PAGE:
NGC 1502 Open Cluster in Camelopardalis
Kemble's Cascade Asterism in Camelopardalis
M 30 Globular Cluster in Capricornus
Stock 24 Open Cluster in Cassiopeia
NGC 225 Open Cluster in Cassiopeia
King 14 Open Cluster in Cassiopeia
NGC 146 Open Cluster in Cassiopeia
NGC 189 Open Cluster in Cassiopeia
NGC 133 Open Cluster in Cassiopeia
NGC 637 Open Cluster in Cassiopeia
NGC 654 Open Cluster in Cassiopeia
Berkeley 62 Open Cluster in Cassiopeia
Berkeley 4 Open Cluster in Cassiopeia
King 16 Open Cluster in Cassiopeia
NGC 7510 Open Cluster in Cepheus
Markarian 50 Open Cluster in Cepheus
NGC 7063 Open Cluster in Cygnus
NGC 7026 Planetary Nebula in Cygnus
NGC 7082 Open Cluster in Cygnus
IC 5146 Open Cluster in Cygnus
NGC 6871 Open Cluster in Cygnus
NGC 6888 (Crescent Nebula) Bright Nebula in Cygnus
Biurakan 2 Open Cluster in Cygnus
NGC 6883 Open Cluster in Cygnus
NGC 7027 Planetary Nebula in Cygnus
NGC 6543 (Cat's Eye Nebula) Planetary Nebula in Draco
NGC 6229 Globular Cluster in Hercules
NGC 7243 Open Cluster in Lacerta
NGC 7209 Open Cluster in Lacerta
Stephenson 1 Open Cluster in Lyra
M 34 Open Cluster in Perseus
NGC 1245 Open Cluster in Perseus
NGC 1545 Open Cluster in Perseus
NGC 1528 Open Cluster in Perseus
NGC 1513 Open Cluster in Perseus
NGC 1582 Open Cluster in Perseus
Harvard 20 Open Cluster in Sagitta
M 71 Globular Cluster in Sagitta
M 75 Globular Cluster in Sagittarius
M 45 (Pleiades) Open Cluster in Taurus
NGC 6940 Open Cluster in Vulpecula
Cr 399 (Coathanger) Asterism in Vulpecula
NGC 6882 Open Cluster in Vulpecula

 

That makes a total of 98 DSO for the ST80, after I take out the two double stars I saw last time.

 

I tried several times to tease out M76 (Little Dumbell), but no luck.  It was lost in the light pollution in the north east sky.  I'll have to try again when it culminates on a transparent night.  I know I've seen it here through my C5.

 

Mike


Edited by Sarkikos, 06 September 2016 - 08:58 AM.

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#3 Joe1950

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Posted 06 September 2016 - 08:52 AM

Excellent write-up, Sarkikos. I live on the border of a red/light gray zone and have an 80mm f/6.5. Gives me something to try for. I'd be happy with just a handful of the brighter ones.  :)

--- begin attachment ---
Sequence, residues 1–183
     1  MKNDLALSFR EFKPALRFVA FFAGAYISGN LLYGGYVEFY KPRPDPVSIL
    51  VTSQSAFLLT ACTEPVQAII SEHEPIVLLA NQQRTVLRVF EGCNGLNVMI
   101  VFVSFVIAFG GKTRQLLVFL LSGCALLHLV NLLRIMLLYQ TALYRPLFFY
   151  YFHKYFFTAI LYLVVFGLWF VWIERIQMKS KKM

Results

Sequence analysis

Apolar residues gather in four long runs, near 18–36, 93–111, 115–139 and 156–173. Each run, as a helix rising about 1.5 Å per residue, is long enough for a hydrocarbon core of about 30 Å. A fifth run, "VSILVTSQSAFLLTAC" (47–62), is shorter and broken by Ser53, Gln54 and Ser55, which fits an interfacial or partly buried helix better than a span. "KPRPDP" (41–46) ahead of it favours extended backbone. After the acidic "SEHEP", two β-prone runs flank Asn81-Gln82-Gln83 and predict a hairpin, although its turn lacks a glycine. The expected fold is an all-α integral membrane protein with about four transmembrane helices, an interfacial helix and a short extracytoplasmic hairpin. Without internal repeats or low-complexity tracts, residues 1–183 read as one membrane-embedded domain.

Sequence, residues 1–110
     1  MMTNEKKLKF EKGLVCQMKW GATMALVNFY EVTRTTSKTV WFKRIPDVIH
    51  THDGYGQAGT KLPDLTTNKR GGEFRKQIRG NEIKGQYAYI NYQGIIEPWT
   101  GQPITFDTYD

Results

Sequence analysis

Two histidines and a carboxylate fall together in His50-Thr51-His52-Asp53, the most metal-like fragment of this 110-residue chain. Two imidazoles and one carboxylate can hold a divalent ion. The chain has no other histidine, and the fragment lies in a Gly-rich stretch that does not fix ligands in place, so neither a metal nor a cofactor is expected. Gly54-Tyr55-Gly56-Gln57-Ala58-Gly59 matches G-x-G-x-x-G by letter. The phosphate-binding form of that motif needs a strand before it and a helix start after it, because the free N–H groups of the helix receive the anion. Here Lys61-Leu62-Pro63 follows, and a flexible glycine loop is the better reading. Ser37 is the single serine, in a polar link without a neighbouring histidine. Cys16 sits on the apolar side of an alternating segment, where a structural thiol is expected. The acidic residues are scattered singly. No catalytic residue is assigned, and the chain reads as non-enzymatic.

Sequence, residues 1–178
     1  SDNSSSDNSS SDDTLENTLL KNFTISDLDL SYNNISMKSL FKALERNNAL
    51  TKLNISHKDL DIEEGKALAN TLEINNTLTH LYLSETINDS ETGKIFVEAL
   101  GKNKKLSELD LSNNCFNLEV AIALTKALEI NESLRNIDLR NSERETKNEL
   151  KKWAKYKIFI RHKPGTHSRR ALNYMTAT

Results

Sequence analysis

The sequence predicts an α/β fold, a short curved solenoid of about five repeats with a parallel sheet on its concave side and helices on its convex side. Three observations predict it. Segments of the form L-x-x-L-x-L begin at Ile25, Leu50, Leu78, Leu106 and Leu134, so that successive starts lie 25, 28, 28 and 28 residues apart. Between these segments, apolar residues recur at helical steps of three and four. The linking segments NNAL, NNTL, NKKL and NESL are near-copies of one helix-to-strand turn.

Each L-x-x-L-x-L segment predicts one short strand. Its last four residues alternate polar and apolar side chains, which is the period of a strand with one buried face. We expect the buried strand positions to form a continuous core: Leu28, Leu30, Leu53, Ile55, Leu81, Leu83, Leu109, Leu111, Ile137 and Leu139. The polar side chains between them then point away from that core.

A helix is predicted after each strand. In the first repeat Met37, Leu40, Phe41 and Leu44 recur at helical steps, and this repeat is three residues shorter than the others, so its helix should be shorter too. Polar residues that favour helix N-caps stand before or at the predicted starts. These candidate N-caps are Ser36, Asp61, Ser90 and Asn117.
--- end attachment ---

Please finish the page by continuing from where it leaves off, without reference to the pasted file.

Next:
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#4 tomykay12

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Posted 06 September 2016 - 11:26 AM

My ST-80 did impromptu outreach last nite, showing my visiting son in law the crescent Moon and Saturn; two things the ST is NOT noted for, lol. It is just so compact and easy to set up on a Bogen tripod that a moments notice is barely needed, and observing begins within minutes. We were in the front yard right at dusk, and several other people strolling by got to look as well. Fun scope. White zone.


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#5 ghostboo

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Posted 06 September 2016 - 07:19 PM

I live in the red zone too. Your post is motivating for ST-80-aholoics such as myself! I'll give your list a try if our clouds cooperate but doubt I can get anywhere near what you listed.

 

I was out in the yellow zone last night with my ST-80 trying something new to me. I put my DSLM (Lumix GX8) on the little 80 on an SLT mount. Was trying to get the Triffid Nebula. I figured with an alt/az mount, I could get maybe 15 second exposures...stack them, and see but the wind picked up after I set up my stuff so had to limit it to six second exposures. Still not bad for a single unstacked six second exposure. CA not too bad either.

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Edited by ghostboo, 06 September 2016 - 07:29 PM.